Anyhow when God was asked he said Eastern Orthodox is true Church and not Catholic Church. So come home and enjoy.

Offline RobS

  • Formerly "nothing"
  • Archon
  • ********
  • Posts: 3,390
  • Christ Is Risen!
  • Jurisdiction: The thrilling romance of Holy Orthodoxy
Try this experiment:  You and three of your friends look out a window.  You each list the first thing you see.  You're probably going to get four different answers most likely.  That doesn't make each of you wrong nor each of you right.  Your friend may have seen a car which you didn't because your position at the window didn't allow you to see it.  Same thing with the Gospels.  Four different writers, four different points of view.  As someone else said, the main point is that Jesus rose from the dead.  Were there two angels or only one?  Or were they men dressed in white?  The point is that there was a supernatural witness.  Was Mary the first witness or Peter?  There was a human witness.  The devil may be in the details, but if we forget the overall point of these gospel stories, then our faith, says Blessed Augustine, is indeed in vain.

I see your point.. But theses are not just differing details they are very much indeed conflicting.
Which Magdalene is right? John's or Matthew's? That is an example.

But do those differences obscure the main point?  You're getting lost in the weeds.
Probably not, but they do raise questions about the literary genre of the main narrative . Is it history, is It fiction?

You're applying the standards of a text based society to that of an oral society where there will not always be internal consistencies.  At one time the library of Alexandria boasted it had 129 versions of Homer's Iliad.   Which was correct?  None, yet all. Language is fluid, especially the spoken word.  Also, the ancients didn't have such rigid definitions of genre, even literary genre which was only going to be accessible to, at most, 10% of the world's population.  you're imposing our standards onto theirs.
Exactly.

His use of "history" and "fiction" are modern notions. Our historical standards today are vastly different than antiquity, if one could even compare the two.

I'm not implying that means we take everything recorded in antiquity as historical fact.

I have no problem with those questioning the historicity of Jesus but you need to be consistent and cast doubts on a whole bunch of other figures too. That still places you in the fringe however.

All modern historians agree Jesus existed historically.

However if you are Orthodox, I'm not sure why you would care so much about a "historical Jesus" anyway.
« Last Edit: June 14, 2018, 11:59:49 AM by RobS »
"The business of the Christian is nothing else than to be ever preparing for death (μελεπᾷν ἀποθνήσκειν)."

— Saint Irenaeus of Lyons, Fragment XI

Modernist thinking and being consists of nothing but uncritical acceptance.

Offline RobS

  • Formerly "nothing"
  • Archon
  • ********
  • Posts: 3,390
  • Christ Is Risen!
  • Jurisdiction: The thrilling romance of Holy Orthodoxy
After going through my first Lent and Pascha, I have to say the crucifixion and resurrection accounts make so much more sense to me in a liturgical context.
« Last Edit: June 14, 2018, 12:11:03 PM by RobS »
"The business of the Christian is nothing else than to be ever preparing for death (μελεπᾷν ἀποθνήσκειν)."

— Saint Irenaeus of Lyons, Fragment XI

Modernist thinking and being consists of nothing but uncritical acceptance.

Offline augustin717

  • Taxiarches
  • **********
  • Posts: 6,645
  • Faith: Higher Criticism
  • Jurisdiction: Dutch
Try this experiment:  You and three of your friends look out a window.  You each list the first thing you see.  You're probably going to get four different answers most likely.  That doesn't make each of you wrong nor each of you right.  Your friend may have seen a car which you didn't because your position at the window didn't allow you to see it.  Same thing with the Gospels.  Four different writers, four different points of view.  As someone else said, the main point is that Jesus rose from the dead.  Were there two angels or only one?  Or were they men dressed in white?  The point is that there was a supernatural witness.  Was Mary the first witness or Peter?  There was a human witness.  The devil may be in the details, but if we forget the overall point of these gospel stories, then our faith, says Blessed Augustine, is indeed in vain.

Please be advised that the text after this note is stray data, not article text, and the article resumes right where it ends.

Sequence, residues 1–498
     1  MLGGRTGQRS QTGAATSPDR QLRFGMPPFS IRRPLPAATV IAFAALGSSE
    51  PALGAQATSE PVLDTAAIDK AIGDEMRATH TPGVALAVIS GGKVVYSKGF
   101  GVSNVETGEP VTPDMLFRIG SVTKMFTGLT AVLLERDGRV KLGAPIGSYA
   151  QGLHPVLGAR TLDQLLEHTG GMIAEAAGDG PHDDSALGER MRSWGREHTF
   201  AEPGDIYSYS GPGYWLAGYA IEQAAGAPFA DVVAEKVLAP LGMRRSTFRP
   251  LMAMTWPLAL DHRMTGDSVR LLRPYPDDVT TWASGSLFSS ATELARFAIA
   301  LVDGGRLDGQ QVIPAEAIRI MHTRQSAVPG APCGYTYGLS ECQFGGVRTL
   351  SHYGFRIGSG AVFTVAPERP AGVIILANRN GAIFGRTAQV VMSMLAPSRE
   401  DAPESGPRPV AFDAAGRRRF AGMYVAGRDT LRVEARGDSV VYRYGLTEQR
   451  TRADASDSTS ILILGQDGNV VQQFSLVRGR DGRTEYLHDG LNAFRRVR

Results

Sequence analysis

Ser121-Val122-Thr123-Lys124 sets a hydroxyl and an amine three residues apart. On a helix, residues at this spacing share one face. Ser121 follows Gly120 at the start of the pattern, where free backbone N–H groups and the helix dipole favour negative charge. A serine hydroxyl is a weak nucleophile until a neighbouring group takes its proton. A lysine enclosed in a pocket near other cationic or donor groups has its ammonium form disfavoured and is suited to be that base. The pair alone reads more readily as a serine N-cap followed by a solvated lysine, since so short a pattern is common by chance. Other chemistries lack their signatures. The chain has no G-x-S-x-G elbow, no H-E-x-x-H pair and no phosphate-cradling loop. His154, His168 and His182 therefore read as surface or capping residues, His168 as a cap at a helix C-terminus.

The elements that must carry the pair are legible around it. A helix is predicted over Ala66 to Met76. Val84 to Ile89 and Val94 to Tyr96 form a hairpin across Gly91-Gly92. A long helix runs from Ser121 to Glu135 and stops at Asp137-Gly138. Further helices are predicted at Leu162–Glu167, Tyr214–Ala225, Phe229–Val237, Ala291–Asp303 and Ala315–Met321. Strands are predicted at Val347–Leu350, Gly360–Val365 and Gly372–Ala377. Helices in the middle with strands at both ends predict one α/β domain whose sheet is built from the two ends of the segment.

I see your point.. But theses are not just differing details they are very much indeed conflicting.
Which Magdalene is right? John's or Matthew's? That is an example.

But do those differences obscure the main point?  You're getting lost in the weeds.
Probably not, but they do raise questions about the literary genre of the main narrative . Is it history, is It fiction?

You're applying the standards of a text based society to that of an oral society where there will not always be internal consistencies.  At one time the library of Alexandria boasted it had 129 versions of Homer's Iliad.   Which was correct?  None, yet all. Language is fluid, especially the spoken word.  Also, the ancients didn't have such rigid definitions of genre, even literary genre which was only going to be accessible to, at most, 10% of the world's population.  you're imposing our standards onto theirs.
yes and no. Even in Antiqquity the had done notion that some historians are more reliable than others, some poets are better than others. Point taken though. I don’t actually disagree .
But it is dishobesr to defend the Gospels - on top of their theological role the clearly display -as exact historiography as some still  do. .

"I saw a miracle where 2 people entered church one by baptism and one by chrismation. On pictures the one received by full baptism was shinning in light the one by chrismation no."

Offline Orthodox_Slav

  • A sinful servant of God
  • Elder
  • *****
  • Posts: 270
  • Господи Иисусе Христе, Сыне Божий, помилуй мя
  • Faith: Orthodox Christian
  • Jurisdiction: Moscow Patriarchate
in my opinion, if you just mash the gospels together you can get the Jesus story and the exact details are not important as long as we have the basics that christ was crucified and rose again three days later!

Gospodi pomilui!

kyrie eleison!

lord have mercy!
not every quiet man is humble but every humble man is quiet         st Isaac the Syrian